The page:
With respect to the nature of the Anna Delano Trust, the parties agree that there are no disputed issues of material fact. Instead, their only dispute concerns whether the language of the Will creates a discretionary trust. "The interpretation of a written instrument, such as a trust [or Will], is a question of law." Matter of Trusts Created by Ferguson, 929 P.2d 33, 36 (Colo.App.1996). Accordingly, this is a purely legal issue appropriate for resolu╜tion by summary judgment.
To determine whether the Anna Delano Trust is a discretionary trust, the court looks to the language of the trust instru╜ment. The Anna Delano Trust was creat╜ed by the following testamentary provi╜sion:
During my son's lifetime, my trustee shall pay to or apply for the benefit of my son so much of the income or princi╜pal, or both, as my trustee in its sole and absolute discretion shall deem necessary or advisable for his maintenance, health, education, comfort and welfare. My trustee may, but need not, consider all funds known to my trustee to be avail╜able to him. Any undistributed income may be added to principal from time to time in the discretion of my trustee.
Last Will of Anna F. Delano at Article IV ╖ 4.2(a). (Exhibit A to Co-Trustees' Mo╜tion.)
The Will instrument does not ex╜pressly state the nature of the trust. Nor has this precise language been interpreted by Colorado courts. Although similar lan╜guage has been held to create a discretionary trust, the court finds those cases dis╜tinguishable. Most notably, unlike the Anna Delano Trust, those trusts expressly granted the trustee discretion to withhold payments to the beneficiaries. See Rosen╜blum, 602 P.2d at 893 (trustees had abso╜lute discretion to distribute "all, none, or any part of " of the trust income or princi╜pal) (emphasis added); Jones, 812 P.2d at 1156 ("the trustees may pay or apply for the benefit of the [beneficiaries] ... in their uncontrolled discretion ....") (em╜phasis added). Where a Trustee is given discretion to refuse all payments to the beneficiary, the beneficiary clearly has a mere expectancy rather than a property interest. That, however, is not the case here.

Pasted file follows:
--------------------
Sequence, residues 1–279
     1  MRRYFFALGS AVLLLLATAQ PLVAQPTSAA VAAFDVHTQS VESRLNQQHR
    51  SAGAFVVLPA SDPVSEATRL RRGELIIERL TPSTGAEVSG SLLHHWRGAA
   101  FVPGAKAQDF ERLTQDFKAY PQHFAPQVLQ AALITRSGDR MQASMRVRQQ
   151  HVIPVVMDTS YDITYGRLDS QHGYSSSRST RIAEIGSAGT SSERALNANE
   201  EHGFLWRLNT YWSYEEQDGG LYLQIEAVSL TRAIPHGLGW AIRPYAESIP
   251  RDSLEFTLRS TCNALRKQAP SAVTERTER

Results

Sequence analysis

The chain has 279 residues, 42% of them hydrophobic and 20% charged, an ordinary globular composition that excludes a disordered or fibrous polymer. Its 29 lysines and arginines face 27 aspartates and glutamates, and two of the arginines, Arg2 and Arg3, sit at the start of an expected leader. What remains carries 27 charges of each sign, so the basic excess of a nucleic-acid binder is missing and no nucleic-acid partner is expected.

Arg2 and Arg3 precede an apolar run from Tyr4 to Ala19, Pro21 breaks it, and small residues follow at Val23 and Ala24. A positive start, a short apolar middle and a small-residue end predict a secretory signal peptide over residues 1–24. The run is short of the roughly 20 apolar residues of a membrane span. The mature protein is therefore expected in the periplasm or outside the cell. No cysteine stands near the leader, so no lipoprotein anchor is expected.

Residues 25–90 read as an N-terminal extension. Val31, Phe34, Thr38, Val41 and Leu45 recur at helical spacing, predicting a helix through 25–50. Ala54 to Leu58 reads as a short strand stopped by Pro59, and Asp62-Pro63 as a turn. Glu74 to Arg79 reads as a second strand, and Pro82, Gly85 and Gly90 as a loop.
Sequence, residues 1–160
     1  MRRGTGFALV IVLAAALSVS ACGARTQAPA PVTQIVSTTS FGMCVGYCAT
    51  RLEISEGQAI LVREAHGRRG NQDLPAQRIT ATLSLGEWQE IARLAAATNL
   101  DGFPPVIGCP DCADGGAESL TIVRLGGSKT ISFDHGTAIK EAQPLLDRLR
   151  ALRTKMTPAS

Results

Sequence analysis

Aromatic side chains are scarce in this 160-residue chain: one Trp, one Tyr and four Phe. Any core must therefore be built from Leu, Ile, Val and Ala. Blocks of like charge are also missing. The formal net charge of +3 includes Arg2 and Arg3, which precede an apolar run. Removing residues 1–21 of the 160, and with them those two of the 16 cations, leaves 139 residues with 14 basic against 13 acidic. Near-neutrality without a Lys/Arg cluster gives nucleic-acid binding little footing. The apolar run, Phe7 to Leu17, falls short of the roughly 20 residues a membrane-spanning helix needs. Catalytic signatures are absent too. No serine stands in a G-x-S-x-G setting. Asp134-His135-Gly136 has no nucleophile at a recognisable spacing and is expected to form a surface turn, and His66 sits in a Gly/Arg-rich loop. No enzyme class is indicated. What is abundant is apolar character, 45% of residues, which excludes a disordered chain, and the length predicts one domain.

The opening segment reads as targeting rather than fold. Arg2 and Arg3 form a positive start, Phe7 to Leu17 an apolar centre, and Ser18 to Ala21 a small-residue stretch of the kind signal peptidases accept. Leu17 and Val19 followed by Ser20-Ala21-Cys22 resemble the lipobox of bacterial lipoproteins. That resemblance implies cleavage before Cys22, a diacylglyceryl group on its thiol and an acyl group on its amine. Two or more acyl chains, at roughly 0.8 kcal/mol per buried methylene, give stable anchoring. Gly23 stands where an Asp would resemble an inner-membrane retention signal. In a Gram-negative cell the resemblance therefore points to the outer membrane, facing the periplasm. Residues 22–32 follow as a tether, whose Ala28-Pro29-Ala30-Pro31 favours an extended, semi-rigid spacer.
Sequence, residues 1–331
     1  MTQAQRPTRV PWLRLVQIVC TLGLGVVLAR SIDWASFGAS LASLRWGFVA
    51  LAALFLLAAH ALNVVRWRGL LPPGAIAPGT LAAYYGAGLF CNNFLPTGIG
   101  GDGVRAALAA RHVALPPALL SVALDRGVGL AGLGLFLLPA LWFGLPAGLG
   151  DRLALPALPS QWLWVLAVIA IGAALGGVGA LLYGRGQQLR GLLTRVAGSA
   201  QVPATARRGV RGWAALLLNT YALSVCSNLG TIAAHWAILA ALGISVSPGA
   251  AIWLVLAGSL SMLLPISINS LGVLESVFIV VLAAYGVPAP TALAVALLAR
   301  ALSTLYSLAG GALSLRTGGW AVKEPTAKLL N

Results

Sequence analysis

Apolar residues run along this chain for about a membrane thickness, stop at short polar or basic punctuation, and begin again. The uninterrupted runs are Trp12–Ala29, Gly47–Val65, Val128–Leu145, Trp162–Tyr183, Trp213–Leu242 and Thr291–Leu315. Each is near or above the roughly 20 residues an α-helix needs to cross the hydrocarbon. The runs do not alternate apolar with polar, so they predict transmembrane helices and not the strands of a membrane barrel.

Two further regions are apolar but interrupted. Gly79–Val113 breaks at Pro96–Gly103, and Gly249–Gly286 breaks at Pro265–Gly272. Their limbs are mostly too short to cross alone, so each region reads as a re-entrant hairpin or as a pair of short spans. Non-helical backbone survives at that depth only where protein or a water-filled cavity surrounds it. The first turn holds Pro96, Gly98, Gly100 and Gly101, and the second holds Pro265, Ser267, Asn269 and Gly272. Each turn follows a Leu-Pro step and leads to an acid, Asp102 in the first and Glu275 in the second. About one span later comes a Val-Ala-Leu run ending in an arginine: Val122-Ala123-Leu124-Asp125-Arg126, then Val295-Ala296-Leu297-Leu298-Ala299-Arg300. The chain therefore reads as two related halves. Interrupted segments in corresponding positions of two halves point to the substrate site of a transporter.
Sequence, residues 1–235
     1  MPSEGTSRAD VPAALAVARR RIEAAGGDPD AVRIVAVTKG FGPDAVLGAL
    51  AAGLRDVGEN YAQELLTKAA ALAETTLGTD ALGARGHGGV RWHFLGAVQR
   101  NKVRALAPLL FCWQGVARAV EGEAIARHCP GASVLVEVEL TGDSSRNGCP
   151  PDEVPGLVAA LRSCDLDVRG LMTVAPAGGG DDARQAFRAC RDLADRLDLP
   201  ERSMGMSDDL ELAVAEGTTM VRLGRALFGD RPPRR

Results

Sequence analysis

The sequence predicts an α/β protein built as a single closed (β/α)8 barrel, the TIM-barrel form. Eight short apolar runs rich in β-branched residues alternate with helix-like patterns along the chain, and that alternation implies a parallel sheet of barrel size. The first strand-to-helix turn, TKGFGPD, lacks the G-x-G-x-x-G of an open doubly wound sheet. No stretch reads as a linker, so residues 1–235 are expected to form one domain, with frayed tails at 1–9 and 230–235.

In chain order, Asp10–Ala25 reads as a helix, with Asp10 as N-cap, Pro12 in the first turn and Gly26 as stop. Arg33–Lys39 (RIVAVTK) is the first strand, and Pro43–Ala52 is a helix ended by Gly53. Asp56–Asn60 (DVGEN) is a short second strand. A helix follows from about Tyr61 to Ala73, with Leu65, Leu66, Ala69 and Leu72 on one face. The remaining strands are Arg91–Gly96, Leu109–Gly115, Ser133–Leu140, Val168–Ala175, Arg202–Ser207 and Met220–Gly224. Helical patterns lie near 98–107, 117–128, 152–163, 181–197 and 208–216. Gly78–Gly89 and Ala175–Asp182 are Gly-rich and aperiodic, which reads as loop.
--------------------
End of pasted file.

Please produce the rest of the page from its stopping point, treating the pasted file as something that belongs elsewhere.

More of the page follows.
Under longstanding principles, a trust instrument must be construed in ac╜cordance with the settlor's intent as dis╜cerned from the entire instrument. Fer╜guson , 929 P.2d at 36; Matter of Trust Created by Belgard 829 P.2d 457, 459 (Colo.App.1991). Based upon other provi╜sions of Anna Delano's Will, the court finds sufficient evidence to support the conclu╜sion that she intended James Delano to receive at least some payments under the trust. First, the court notes that James Delano is the sole beneficiary of the trust and that the trust, by its terms, terminates upon his death. See Will at Article IV ╖ 4.2(b). (Ex. A to Co-Trustees' Mot.) Second, James Delano has discretion to terminate the trust and retain all trust assets "without regard to the remainder beneficiaries." Id. at ╖ 4.2(c).